Sunday 20 October 2019
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What She Said! with Christine Bentley & Kate Wheeler
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Choosing an unbiased jury | Marcy Segal

With concerns around choosing a jury in a case that has received as much media attention as the Luka Magnotta investigation, the justice system may need additional safeguards in place to deal with juror bias, Toronto criminal lawyer Marcy Segal tells SiriusXM radio’s What She Said!

Joining hosts Christine Bentley, Sharon Caddy and Kate Wheeler, she speaks about how publicity around a high-profile case may impact the jury-selection process.

Segal says there are always issues around dealing with juror bias, particularly in a case where so much information has been widely available before a trial begins.

“In a perfect world, we would not know any of this information until the trial starts, but it’s just not possible,” she says on the show.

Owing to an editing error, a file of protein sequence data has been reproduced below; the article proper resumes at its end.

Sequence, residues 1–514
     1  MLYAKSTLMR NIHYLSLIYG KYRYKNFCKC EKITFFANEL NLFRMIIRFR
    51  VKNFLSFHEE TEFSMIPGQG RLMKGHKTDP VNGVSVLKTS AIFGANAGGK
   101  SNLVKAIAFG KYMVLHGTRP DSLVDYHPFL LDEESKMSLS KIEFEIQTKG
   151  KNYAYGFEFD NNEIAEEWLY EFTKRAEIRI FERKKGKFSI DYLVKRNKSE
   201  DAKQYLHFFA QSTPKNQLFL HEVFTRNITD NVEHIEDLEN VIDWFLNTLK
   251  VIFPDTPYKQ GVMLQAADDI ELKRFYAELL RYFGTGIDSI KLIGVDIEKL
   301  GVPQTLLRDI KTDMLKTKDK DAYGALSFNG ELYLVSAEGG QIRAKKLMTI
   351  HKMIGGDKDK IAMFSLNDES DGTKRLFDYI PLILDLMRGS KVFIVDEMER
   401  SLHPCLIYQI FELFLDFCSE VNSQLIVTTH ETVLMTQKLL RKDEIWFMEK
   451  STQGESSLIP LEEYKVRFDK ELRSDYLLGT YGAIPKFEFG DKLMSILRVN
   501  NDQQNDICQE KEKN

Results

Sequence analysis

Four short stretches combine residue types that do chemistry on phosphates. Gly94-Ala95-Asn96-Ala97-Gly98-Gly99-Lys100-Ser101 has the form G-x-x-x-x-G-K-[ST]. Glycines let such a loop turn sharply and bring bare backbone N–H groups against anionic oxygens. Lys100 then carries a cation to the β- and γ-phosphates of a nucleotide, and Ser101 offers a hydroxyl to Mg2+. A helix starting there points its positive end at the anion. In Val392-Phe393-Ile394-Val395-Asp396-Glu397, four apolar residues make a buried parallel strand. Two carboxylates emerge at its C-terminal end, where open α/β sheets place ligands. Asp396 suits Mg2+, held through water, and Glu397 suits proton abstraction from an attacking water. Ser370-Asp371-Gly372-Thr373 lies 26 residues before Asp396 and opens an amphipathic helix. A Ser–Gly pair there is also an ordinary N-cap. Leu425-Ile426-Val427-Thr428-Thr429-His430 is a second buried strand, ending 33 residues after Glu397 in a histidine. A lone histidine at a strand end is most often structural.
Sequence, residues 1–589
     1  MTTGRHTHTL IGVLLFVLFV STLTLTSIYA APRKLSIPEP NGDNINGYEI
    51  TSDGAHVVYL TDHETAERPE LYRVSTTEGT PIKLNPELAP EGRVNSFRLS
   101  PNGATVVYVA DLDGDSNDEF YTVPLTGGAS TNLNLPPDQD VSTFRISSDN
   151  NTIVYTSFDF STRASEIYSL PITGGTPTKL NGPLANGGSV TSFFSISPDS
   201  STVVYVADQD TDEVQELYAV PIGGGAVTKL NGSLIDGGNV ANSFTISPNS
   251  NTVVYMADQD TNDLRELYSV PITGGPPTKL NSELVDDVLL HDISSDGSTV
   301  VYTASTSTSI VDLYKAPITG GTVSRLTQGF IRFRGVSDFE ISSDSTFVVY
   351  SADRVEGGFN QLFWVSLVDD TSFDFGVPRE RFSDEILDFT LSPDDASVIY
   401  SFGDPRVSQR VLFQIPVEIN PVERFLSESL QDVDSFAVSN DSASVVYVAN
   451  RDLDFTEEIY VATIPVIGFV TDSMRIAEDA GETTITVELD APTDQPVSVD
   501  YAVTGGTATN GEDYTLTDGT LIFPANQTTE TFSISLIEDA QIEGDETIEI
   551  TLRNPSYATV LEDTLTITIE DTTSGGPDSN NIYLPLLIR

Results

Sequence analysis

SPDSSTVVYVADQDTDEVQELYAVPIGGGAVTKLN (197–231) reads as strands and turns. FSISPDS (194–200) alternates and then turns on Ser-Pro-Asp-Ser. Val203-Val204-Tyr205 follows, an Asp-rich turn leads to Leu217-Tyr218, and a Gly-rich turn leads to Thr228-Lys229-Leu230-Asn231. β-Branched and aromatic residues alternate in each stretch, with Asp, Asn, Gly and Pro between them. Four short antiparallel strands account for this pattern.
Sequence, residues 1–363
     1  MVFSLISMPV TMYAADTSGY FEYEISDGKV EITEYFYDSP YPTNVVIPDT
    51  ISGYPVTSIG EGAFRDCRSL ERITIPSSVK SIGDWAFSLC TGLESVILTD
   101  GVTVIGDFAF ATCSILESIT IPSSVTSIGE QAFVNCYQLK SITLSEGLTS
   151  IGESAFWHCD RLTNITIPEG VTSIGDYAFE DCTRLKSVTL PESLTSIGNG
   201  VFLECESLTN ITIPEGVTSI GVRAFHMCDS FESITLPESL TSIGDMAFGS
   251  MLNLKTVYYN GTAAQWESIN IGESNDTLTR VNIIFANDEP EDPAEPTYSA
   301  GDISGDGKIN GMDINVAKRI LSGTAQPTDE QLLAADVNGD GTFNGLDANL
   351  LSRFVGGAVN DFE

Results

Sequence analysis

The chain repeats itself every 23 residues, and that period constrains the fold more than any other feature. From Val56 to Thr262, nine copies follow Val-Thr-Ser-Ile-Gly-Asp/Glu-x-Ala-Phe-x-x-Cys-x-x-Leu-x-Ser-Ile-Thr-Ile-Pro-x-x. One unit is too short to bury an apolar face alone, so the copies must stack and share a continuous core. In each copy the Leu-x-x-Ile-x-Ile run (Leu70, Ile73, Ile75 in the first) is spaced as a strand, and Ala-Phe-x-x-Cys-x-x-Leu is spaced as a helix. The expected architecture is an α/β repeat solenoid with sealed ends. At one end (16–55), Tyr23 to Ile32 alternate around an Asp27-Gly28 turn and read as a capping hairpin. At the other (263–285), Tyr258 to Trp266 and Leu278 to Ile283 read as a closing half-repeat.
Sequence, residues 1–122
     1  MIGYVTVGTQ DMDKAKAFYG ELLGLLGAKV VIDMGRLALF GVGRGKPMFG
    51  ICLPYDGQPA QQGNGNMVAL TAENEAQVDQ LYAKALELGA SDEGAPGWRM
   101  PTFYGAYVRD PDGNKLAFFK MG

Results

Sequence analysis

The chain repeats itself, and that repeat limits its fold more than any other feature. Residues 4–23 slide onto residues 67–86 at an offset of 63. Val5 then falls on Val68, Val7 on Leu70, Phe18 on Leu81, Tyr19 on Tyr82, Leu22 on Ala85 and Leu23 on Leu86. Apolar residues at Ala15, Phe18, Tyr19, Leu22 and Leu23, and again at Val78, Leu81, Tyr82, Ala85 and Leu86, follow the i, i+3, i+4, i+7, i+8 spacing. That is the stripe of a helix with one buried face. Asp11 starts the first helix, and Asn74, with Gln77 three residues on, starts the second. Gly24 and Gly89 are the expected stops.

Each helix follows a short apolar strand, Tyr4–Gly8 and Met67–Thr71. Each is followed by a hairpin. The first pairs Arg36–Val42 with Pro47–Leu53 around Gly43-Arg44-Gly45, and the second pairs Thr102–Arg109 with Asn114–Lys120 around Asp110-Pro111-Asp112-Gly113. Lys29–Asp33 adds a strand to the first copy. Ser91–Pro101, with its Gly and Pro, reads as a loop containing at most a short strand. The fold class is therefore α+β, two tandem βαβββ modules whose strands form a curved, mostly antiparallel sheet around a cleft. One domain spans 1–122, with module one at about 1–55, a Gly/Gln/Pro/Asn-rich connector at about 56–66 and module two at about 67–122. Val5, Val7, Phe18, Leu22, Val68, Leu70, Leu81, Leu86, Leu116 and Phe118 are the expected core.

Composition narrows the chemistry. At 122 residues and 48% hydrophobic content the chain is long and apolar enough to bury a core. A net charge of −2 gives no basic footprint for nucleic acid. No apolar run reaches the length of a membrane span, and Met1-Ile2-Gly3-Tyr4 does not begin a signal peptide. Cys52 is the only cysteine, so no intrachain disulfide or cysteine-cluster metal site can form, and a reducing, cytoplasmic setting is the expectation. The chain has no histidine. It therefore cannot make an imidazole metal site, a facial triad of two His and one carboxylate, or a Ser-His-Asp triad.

Magnotta is charged with first-degree murder in the death of student Jun Lin in May 2012, says CTV News.

He is also accused of committing an indignity to a body; publishing obscene material; criminally harassing Prime Minister Stephen Harper and other members of Parliament; and mailing obscene and indecent material.

Magnotta has pleaded not guilty to the charges and his trial is set to begin in September.

In addition to widespread international media coverage of the case and of Magnotta’s arrest in Europe, a documentary is set to air later this month before the trial.

Segal says that while there are always some potential jurors who don’t want to serve on a jury because of time away from their job or family, there are cases such as Magnotta that tend to elicit strong emotion and bias from potential jurors – and that’s a challenge that must be dealt with during the jury-selection process.

The lawyer also points out that the United States may have a more intensive process in place to filter out biased jurors, but notes that the law in Canada is developing to allow for an extension of the questions permitted to be asked of potential jurors in the selection process.

“There are some safeguards though I must say the number of questions that you can ask potential jurors is not as many compared to the U.S.,” she says.

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